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Promise us one thing: if you go to Pisa’s Leaning Tower, don’t do that perspective shot where it looks as if you’re holding it up. A bell tower gone a bit askew, this is one of the most famous sites in all of Italy, and all because it was originally built on dodgy foundations. Climb the tower’s 300 spiralling steps for some slanted views of the city and head to one of the surrounding piazza’s pizzerias afterwards, for lunch with an iconic view.
Have a cappuccino on the Piazza del Campo, Siena
Regarded, quite rightly, as one of Europe’s best-preserved medieval squares, Piazza del Campo is the main public space of the historic centre of Siena. The piazza was originally built as a diplomatic exercise, to appease all the governments that were coming together to make the new city. Even now it is the centre of the community, with the square still hosting major events such as the Palio horse race, Carnival in February, and many evening activities in the summer.
Road trip through Val d’Orcia
This Unesco-protected valley extends from the hills south of Siena to the Monte Amiata lava dome in the south of Tuscany. An agricultural stronghold, Val d’Orcia has a distinctive landscape that stars on many Tuscan postcards: lush, lightly undulating hills dotted with cypress trees and carpeted in vineyards, olive groves and farmland. It’s long inspired artists, some of whom live in the historic town of Pienza – Val d’Orcia’s poster child. Hire a car and take your time road tripping around the region.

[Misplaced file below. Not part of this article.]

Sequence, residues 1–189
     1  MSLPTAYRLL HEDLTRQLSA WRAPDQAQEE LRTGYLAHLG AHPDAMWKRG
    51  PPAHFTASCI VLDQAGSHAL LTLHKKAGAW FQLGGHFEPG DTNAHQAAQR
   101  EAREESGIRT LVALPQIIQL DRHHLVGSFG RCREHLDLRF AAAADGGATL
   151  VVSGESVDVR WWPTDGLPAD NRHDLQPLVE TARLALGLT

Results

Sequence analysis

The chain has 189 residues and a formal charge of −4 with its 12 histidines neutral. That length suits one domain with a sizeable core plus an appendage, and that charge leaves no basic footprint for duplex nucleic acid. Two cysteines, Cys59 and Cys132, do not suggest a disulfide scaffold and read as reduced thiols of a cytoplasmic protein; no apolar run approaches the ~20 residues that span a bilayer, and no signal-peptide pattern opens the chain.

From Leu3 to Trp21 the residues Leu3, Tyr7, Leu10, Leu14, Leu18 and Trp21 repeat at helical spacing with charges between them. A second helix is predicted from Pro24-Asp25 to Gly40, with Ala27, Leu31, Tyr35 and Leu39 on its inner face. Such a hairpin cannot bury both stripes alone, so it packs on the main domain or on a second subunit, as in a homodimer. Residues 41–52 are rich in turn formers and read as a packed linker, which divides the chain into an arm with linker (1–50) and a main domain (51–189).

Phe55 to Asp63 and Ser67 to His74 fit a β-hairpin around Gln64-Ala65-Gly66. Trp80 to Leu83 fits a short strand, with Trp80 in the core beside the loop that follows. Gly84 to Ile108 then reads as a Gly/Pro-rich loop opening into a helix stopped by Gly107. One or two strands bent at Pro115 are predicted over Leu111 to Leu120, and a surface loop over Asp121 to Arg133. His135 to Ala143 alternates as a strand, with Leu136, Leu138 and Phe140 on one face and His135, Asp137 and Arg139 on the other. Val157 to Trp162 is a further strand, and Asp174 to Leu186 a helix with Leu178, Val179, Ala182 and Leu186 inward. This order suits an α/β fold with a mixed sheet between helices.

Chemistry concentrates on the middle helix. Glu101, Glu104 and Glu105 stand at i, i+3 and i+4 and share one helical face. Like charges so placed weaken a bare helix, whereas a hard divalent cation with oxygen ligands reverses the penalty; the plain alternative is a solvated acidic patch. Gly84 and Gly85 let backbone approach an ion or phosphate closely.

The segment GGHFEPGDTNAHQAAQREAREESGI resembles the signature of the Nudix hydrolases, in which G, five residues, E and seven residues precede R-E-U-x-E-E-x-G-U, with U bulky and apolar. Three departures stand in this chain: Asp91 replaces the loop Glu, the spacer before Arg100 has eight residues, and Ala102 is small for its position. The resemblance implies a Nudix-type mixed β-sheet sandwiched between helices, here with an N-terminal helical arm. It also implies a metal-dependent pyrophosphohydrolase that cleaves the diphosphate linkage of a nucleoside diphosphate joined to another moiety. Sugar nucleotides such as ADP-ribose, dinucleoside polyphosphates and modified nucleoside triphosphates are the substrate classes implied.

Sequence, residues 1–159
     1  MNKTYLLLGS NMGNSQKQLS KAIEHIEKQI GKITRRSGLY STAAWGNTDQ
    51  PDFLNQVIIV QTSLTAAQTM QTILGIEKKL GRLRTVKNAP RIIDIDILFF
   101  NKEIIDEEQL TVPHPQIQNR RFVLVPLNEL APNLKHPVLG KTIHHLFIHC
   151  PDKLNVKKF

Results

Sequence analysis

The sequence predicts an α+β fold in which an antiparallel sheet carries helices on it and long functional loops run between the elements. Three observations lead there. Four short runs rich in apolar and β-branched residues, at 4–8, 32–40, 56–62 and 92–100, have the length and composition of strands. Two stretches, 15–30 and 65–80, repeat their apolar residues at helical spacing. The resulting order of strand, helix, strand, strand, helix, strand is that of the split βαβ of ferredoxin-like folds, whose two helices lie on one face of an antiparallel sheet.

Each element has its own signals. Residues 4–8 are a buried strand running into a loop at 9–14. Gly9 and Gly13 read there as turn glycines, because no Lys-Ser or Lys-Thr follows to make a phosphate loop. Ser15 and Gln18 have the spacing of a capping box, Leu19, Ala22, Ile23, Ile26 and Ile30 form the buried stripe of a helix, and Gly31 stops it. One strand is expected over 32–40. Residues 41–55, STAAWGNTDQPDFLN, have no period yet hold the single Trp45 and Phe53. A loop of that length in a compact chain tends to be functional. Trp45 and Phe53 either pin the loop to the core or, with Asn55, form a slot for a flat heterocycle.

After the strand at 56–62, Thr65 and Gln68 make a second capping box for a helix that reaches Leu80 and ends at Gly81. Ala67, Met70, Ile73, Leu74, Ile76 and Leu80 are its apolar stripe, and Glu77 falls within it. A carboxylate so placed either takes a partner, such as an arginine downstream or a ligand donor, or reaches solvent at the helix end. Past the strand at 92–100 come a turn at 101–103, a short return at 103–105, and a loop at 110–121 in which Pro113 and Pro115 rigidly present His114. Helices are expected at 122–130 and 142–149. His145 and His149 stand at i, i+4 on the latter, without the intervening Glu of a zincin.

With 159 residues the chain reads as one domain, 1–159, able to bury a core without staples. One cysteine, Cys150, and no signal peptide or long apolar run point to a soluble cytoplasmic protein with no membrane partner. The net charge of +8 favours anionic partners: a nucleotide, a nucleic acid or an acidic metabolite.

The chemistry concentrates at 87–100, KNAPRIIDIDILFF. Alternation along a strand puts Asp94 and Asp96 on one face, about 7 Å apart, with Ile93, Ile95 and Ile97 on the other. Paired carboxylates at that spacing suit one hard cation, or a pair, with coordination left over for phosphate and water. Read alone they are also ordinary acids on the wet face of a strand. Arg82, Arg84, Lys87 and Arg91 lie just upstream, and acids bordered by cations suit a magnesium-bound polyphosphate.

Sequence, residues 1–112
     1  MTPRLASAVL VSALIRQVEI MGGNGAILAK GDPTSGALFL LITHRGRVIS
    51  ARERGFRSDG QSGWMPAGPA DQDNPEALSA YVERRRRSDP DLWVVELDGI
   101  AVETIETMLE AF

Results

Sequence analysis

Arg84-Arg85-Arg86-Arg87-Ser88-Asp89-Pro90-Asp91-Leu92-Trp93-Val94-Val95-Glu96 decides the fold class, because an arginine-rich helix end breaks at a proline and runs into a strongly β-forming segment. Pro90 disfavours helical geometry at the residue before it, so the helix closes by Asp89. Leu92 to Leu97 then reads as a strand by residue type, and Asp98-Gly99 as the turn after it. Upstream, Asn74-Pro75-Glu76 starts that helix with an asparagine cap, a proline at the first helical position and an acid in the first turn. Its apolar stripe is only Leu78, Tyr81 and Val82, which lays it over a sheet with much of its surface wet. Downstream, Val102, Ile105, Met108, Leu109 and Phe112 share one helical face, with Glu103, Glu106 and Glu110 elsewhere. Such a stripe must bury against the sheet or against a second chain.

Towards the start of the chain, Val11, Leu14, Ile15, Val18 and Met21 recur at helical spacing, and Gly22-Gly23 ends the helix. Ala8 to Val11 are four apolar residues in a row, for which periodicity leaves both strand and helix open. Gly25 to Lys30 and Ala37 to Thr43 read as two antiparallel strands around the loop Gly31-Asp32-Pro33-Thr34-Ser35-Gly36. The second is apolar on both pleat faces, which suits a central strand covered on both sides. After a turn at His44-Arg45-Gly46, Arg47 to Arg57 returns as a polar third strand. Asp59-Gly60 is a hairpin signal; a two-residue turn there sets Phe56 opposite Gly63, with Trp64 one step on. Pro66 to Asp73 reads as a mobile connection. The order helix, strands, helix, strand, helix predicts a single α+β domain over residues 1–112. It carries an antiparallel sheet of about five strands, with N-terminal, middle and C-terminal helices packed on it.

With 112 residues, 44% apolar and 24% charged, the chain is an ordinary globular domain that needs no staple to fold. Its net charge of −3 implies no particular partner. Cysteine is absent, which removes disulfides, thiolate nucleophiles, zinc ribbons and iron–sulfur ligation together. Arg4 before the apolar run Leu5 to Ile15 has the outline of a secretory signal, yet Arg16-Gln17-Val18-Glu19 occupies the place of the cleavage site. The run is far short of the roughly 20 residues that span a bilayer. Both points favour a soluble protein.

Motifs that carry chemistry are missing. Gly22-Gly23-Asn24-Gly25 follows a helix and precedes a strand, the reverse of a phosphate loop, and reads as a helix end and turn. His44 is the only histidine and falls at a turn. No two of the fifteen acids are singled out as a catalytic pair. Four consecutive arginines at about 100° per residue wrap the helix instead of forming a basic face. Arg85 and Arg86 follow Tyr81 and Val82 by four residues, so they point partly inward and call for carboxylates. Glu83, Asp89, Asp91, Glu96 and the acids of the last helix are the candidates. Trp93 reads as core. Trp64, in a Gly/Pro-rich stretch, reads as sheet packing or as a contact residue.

Get active on Elba island
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Don’t tell anyone else about this island – we don’t want it getting too crowded. A favourite getaway among mainland Tuscans, make sure you come here in spring or autumn if you’re a big fan of seclusion. One of Napoleon’s places of exile, it has excellent seafood, pristine waters and a varied terrain that lends itself to hiking, biking, kayaking, diving and trekking. Make sure you visit the little aquarium, too.
Take a boat to Isola del Giglio
For an even more under-the-radar island than Elba, look no further than Giglio. Around 17.7km (11mi) from the Argentario cape, this is 21sqkm (13sqmi) of unadulterated, old-time Italy surrounded by the mirror-like Tyrrhenian sea – paradise for scuba divers or snorkelers. Self-sufficient and beautifully preserved, you’re guaranteed a calm, authentic stay here, whether you go for the bustle of the town or the seclusion of the hills and beaches.
Admire the Piero della Francesca frescoes, Arezzo
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One of the most admired masters of the early Italian Renaissance, Piero della Francesca’s frescoes are a must-see for any arty visitor to Arezzo, a rural hilltop city in eastern Tuscany. Most notable is his version of the Legend of the True Cross – a tale of how the relics from Jesus’s cross allegedly arrived in Europe – which you can find painted in Arezzo’s unassuming, late-medieval church, the Basilica of San Francesco.
This is an updated version of an article originally by Francesca Masotti.
These recommendations were updated on September 29, 2021 to keep your travel plans fresh. This article is an updated version of a story created by Matt Charlton